This raises a few other questions, however. If preventing human life is tantamount to taking human life, wouldn’t contraception go out the window, as the Catholic Church currently teaches? No, it would not. Contraception is a perfectly legitimate and responsible (though not 100% reliable) way to prevent unwanted pregnancy. The difference between preventing pregnancy and preventing birth is that a sperm on its own will not evolve into a human being. An egg on its own will not become a child. Only when the egg is fertilized does the aforementioned and critical “march of nature” or maturation begin. Using the parlance of the traditional debate, this would be similar to the “life begins at conception” argument.
Another counter-argument is that, in the era of modern science, a mere skin cell or unfertilized egg could potentially be used to create a living human being. If this is the case, wouldn’t clipping your fingernails or cutting your hair be equivalent to abortion? Clever, but once again, I point to the fact that, without active human agency, fingernail and hair clippings on their own will not become a human being. While a skin cell contains the building blocks for life, human beings mercifully did not evolve to reproduce by asexual fission, like planarians. The cloning debate is an entirely separate argument, and as it stands Americans rightly and overwhelmingly oppose human cloning.
But let us suppose that the question of when life begins remains the central focus of the debate. Legally speaking, how should this logically be addressed? As previously stated, science has not definitively proven when life begins, though both sides of the debate present evidence supporting their claims. In cases dealing with human life and death the law has an obligation, in lieu of definitive scientific data, to err on the side of caution. If it cannot be proven definitively that a fetus is not alive, then it logically follows that legal protections should be offered pending a final analysis, just in case. Those advocating abortion rights would say that this puts the burden of proof on them rather than those opposing those rights. That is absolutely correct. In instances where there is a potential for the destruction of human life, the burden of proof should be on those who advocate the course of action in question, just as the prosecution must prove the guilt of a defendant beyond a reasonable doubt in a court of law, rather than the other way around. If this sounds unfair, perhaps you should step back from the debate and analyze it in its entirety as we suggest: logically and Constitutionally.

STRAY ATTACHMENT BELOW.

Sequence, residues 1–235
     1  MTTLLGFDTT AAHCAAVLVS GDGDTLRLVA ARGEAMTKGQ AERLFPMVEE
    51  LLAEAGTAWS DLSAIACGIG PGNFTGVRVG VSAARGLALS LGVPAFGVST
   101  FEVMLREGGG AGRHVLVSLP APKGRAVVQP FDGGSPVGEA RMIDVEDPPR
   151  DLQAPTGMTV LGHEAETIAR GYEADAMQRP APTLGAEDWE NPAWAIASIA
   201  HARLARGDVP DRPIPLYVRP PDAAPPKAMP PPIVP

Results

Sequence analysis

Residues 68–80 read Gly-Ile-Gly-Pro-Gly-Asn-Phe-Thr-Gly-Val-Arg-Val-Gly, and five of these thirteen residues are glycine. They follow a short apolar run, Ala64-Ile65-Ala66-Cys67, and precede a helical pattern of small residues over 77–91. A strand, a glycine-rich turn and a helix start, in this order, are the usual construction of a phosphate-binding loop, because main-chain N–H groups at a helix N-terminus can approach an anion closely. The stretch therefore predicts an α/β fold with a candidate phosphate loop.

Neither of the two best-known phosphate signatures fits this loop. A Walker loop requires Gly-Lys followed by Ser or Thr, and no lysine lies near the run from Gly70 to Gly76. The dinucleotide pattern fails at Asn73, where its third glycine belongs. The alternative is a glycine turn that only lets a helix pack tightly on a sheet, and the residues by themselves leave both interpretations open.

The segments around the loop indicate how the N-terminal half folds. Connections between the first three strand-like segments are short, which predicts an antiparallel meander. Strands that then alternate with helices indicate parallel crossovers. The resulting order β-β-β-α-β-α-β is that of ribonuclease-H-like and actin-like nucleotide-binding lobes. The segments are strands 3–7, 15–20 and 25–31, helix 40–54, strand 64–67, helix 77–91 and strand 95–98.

It’s important to ask another fundamental question when debating abortion rights. In the unlikely event that science is able to prove beyond question that life begins at conception, would those advocating for abortion acquiesce, or would they still contend that abortion is a fundamental right? Bear in mind, the “when life begins” argument really matters only to those arguing in favor of abortion rights as it is the cornerstone of their case; for those of us arguing against, the question of exactly when a human being becomes a human being does not anchor our argument. If the inverse should be true, and science should prove indisputably that an embryo is not a living human being, it does not alter the “intent and consequences” logic of our case.
It’s easy to flatly state that abortion should be illegal. What isn’t necessarily as easy, however, are the consequences of making such a statement reality. What do unready or unwilling mothers do if they are unable to terminate their pregnancy? Do they have an abortion performed illegally? If so, what legal consequences would they face? For those that carry their child to term, should the state offer assistance with medical care? If the child is born to a mother financially incapable of supporting it, what options does she have? Put the child up for adoption? Should the state provide targeted support if they decide to raise the child themselves? These are all legitimate issues for which those arguing against abortion rights must offer solutions if we are to be responsible and intellectually honest citizens.
To the first, what are the consequences of eliminating the option of abortion for unready and unwilling mothers? To be sure, there will be women who choose to have an abortion performed illegally. Those arguing for abortion rights often point to this as a chief reason why it should remain legal, as a ban creates more criminals and does not eliminate abortions altogether. While true, it is not a legitimate argument. We do not legalize theft because it would reduce the prison population or because we cannot prevent all robberies. Nevertheless, there are very real societal difficulties when making something that has been a “fundamental right” for thirty-six years illegal. What legal consequences should a woman who has an abortion performed illegally face?